Vijay Upadya, Microsoft
Often times while testing state-based systems, testers have the need to validate the behavior of software on performing a specific action while a component is in a specific state. However this is not easily possible using traditional testing techniques because the state transitions are either not visible/observable externally to tests or, in cases where they are visible, are not controllable in real time by tests. One technique that addresses this challenge is dynamic instrumentation, in which the system under test is dynamically instrumented using binary interception techniques that then enable tests to observe and control the product as it transitions through its various states.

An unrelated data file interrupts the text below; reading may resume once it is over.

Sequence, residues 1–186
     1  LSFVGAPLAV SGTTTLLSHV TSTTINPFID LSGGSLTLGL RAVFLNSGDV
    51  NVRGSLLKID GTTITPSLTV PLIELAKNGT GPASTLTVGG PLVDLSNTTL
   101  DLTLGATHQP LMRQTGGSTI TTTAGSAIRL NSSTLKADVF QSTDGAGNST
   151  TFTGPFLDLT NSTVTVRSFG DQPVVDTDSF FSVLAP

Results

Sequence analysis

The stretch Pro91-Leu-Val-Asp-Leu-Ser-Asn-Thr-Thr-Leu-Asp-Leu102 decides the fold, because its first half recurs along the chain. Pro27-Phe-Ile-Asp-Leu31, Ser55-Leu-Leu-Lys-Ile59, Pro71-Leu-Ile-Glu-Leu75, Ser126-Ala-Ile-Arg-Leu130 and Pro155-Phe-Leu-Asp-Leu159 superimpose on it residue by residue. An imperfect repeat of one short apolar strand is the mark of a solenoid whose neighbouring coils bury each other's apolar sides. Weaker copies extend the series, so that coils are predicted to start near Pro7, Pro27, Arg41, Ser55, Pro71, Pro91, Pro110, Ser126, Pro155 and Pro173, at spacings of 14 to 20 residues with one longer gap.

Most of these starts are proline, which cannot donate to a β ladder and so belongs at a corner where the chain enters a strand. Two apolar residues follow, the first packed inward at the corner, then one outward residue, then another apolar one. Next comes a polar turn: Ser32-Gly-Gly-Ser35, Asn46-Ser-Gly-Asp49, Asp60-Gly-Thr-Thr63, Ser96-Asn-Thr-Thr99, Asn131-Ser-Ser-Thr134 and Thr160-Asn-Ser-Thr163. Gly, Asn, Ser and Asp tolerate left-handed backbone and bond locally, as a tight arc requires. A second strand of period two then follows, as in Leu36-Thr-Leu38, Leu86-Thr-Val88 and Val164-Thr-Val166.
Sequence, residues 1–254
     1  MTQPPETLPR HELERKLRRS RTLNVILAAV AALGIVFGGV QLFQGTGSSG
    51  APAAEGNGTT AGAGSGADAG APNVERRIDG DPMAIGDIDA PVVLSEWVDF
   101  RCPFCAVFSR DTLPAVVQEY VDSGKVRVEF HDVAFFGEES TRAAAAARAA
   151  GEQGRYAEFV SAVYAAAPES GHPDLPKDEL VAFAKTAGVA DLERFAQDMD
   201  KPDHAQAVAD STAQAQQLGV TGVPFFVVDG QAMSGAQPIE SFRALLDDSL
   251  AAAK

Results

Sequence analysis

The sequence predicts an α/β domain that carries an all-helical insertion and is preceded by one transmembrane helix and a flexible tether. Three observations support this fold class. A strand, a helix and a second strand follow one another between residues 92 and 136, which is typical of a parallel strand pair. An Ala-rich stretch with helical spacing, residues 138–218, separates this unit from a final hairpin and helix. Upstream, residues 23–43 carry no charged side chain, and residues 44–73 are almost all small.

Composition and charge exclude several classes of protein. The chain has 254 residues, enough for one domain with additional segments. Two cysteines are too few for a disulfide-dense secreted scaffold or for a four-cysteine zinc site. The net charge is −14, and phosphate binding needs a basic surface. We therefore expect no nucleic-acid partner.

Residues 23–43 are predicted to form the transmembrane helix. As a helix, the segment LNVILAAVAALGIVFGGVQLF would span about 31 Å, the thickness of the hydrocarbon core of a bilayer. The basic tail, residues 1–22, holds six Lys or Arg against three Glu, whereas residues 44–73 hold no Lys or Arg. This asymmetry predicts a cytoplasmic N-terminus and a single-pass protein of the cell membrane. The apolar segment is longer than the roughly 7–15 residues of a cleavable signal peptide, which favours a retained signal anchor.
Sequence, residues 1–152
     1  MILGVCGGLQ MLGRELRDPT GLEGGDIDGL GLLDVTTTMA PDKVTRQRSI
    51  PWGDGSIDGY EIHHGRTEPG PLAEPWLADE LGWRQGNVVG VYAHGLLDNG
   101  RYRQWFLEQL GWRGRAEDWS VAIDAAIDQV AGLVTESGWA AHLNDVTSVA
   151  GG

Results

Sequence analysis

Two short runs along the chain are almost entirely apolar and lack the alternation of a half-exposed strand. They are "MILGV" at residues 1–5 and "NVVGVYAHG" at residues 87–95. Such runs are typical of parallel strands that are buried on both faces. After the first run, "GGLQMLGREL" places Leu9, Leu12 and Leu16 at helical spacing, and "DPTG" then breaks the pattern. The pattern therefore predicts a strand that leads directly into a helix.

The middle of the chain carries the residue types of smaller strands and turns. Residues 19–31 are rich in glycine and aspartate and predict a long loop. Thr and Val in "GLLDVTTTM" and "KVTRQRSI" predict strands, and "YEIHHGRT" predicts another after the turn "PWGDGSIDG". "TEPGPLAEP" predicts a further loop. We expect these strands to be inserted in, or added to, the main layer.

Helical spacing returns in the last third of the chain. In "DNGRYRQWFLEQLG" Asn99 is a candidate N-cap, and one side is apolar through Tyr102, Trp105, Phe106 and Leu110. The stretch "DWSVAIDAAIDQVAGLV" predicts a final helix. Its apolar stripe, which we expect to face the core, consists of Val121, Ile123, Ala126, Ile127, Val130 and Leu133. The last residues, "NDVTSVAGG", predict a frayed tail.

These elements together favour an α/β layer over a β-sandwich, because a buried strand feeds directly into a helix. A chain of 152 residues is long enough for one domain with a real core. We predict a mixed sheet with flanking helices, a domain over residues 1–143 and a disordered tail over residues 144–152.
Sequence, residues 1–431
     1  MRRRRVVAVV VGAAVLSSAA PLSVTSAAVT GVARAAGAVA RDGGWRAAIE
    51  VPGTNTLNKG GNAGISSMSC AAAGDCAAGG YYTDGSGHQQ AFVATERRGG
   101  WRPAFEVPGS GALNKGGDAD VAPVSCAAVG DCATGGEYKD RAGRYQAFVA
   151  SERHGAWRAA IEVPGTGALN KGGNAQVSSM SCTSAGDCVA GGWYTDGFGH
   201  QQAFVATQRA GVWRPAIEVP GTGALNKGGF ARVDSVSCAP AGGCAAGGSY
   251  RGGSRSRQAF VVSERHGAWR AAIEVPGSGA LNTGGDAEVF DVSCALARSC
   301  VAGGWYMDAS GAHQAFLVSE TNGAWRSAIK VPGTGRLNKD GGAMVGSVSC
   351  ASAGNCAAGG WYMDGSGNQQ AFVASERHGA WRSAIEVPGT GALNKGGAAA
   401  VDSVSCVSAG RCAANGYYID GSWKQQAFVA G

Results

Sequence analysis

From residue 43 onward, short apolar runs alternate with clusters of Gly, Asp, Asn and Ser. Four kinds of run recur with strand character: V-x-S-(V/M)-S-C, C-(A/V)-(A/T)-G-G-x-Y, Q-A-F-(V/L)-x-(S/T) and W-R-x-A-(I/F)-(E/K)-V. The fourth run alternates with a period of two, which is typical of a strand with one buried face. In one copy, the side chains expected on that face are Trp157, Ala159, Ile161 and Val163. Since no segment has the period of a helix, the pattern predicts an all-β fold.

Testing state-based systems can be quite challenging and costly. The primary challenge in testing such systems is the need for deterministically covering all the states and state transitions of interest in an effective and efficient manner. This paper will talk about the technique we are using in our team to test such a system using dynamic instrumentation. The paper will discuss this testing approach, the tools used to do dynamic instrumentation and how to write tests to leverage the dynamically instrumented product code to simulate different states and state transitions. This paper will also demonstrate how the approach lends itself well for creating data driven tests and ways it can be used to augment the existing test automation.